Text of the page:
Earlier this year, in response to rumblings from the apple industry that codling moth needs more research and extension attention, a task force formed.
The first order of business: Try to figure out what the problem is.
It’s complicated, because some growers say they continue to get excellent control with traditional tools, while others increasingly report challenges. Theories for this disconnect abound: Perhaps the increase in organic management is driving changes across the region, or some growers may be paying the price for cutting rates to cut costs, or the moths themselves are developing resistance to trusted control practices.
“Codling moth is the key insect pest in apples,” said Mike Doerr, key account manager at Wilbur-Ellis and member of the new task force’s leadership committee. He believes the current challenges stem from a mix of aging technologies offering waning effectiveness and economic challenges leading to abandoned orchards or growers trying to reduce inputs — creating cracks in the management armor. “If you couple aging technologies with a downturn in the ag economy, you will see pest resurgences.”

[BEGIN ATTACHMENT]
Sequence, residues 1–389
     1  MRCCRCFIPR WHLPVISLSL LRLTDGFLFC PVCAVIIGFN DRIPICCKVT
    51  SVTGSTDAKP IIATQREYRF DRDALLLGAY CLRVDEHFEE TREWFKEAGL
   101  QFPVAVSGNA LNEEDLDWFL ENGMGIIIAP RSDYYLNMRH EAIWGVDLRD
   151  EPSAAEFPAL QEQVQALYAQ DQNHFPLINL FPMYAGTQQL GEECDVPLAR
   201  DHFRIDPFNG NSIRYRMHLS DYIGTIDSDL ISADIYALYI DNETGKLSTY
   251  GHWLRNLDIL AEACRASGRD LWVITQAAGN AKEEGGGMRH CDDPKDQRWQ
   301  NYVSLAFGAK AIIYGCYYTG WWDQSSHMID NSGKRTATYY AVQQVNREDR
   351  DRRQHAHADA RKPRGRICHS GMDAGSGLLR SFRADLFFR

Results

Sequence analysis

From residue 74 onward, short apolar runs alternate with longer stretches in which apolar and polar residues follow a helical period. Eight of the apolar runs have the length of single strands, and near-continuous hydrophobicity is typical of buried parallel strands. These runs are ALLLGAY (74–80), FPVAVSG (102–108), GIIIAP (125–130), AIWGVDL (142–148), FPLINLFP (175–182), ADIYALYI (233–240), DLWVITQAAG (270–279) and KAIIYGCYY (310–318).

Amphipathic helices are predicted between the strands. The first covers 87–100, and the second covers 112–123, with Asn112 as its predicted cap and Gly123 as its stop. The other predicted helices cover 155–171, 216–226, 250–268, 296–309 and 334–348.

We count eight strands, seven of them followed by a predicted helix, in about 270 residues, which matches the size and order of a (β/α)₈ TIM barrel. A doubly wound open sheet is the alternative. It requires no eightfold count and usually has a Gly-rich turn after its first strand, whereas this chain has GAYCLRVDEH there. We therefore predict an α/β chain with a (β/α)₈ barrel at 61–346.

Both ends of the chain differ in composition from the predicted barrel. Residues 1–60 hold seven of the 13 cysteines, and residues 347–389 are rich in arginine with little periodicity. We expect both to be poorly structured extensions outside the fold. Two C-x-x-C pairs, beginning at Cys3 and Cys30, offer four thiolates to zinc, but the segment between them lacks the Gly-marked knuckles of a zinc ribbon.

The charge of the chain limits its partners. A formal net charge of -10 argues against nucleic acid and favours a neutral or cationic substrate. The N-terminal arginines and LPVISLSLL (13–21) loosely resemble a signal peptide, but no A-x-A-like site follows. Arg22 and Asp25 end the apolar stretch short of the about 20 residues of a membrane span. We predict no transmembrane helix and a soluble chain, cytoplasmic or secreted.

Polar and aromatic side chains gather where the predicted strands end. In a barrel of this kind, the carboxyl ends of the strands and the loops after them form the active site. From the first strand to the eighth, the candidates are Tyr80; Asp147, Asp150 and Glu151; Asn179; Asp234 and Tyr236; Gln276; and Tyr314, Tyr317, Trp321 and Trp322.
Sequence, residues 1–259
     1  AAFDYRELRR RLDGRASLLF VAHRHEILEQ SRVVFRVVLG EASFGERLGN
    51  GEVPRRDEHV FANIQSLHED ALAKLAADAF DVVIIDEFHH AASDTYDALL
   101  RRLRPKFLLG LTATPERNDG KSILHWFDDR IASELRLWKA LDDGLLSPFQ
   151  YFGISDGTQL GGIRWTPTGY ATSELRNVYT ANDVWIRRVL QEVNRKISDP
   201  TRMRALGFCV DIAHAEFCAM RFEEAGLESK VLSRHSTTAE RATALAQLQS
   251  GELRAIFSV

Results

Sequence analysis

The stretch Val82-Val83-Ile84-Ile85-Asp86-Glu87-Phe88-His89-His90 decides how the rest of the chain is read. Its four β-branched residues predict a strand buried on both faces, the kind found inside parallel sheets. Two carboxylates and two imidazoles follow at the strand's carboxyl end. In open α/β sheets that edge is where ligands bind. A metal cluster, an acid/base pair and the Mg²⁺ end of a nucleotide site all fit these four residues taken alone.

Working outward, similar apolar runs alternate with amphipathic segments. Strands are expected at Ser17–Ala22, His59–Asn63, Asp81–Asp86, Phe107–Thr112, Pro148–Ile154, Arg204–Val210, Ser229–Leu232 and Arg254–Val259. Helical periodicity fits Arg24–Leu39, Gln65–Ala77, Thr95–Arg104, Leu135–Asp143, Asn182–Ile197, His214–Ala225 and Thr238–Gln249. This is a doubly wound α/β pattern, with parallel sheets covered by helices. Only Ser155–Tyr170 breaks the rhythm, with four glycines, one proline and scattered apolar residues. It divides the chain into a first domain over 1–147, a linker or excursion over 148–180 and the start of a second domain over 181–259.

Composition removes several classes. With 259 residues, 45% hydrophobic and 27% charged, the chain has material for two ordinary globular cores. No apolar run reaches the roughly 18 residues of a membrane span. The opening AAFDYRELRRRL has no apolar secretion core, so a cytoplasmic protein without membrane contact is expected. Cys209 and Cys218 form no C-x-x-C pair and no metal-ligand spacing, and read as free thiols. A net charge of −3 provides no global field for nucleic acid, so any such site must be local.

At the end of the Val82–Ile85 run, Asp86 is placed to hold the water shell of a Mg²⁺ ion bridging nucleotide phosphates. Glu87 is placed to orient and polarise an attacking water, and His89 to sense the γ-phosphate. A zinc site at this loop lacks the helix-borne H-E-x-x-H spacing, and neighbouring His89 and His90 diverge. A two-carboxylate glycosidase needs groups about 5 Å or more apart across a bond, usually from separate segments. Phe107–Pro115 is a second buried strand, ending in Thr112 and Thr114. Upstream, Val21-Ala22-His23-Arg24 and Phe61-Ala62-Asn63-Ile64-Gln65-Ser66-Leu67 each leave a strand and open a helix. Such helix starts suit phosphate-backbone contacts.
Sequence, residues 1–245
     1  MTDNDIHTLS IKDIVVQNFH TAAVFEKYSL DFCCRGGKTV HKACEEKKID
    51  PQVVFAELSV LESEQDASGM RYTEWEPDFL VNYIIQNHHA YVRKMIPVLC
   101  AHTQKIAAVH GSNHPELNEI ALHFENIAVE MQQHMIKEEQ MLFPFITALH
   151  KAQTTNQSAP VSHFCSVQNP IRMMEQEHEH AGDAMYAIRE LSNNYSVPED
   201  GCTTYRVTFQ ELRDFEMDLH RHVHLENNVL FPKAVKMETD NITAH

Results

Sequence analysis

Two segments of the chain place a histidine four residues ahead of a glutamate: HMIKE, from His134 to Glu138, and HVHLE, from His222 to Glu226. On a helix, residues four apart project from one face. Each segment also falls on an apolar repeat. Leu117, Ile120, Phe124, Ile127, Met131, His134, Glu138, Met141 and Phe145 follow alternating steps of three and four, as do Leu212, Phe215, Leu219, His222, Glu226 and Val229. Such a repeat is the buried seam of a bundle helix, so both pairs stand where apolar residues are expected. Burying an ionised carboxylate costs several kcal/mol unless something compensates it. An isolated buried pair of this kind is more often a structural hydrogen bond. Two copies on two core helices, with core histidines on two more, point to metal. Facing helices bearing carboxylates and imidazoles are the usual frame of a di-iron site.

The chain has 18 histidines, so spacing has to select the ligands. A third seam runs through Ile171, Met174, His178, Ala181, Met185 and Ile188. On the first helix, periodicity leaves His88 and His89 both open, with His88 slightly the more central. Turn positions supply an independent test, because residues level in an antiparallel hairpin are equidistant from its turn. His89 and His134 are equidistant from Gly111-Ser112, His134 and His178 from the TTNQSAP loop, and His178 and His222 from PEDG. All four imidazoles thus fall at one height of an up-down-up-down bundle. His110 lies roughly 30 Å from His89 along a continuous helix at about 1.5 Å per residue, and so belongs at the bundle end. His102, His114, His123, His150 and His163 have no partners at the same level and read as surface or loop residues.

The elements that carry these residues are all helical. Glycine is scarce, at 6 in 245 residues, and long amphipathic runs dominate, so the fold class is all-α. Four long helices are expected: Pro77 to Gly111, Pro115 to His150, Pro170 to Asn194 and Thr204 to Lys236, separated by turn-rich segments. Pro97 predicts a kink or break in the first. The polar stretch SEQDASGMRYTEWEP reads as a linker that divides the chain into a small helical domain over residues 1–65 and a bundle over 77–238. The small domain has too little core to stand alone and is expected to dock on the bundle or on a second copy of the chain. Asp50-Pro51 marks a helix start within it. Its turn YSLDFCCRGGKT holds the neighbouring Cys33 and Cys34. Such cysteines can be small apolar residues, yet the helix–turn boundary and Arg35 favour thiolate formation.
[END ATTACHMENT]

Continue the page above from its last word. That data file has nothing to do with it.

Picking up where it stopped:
Or as David Epstein of the Northwest Horticultural Council puts it: “You never solve a pest problem; it evolves.”
Pests such as codling moth require constant diligence, Epstein and Doerr said. The hope is that the new task force, which includes research, extension and industry voices, will bring more attention and new advances to the handling of this old foe. First, they have to figure out where to focus their attention.
“We’re trying to take the temperature of the situation, because there does seem to be a disagreement with some people saying we have the tools, people just need to use them properly, and others saying something is changing with the pest or the practices,” said Louis Nottingham, a Washington State University entomologist and, like every source in this story, a member of the task force’s executive committee.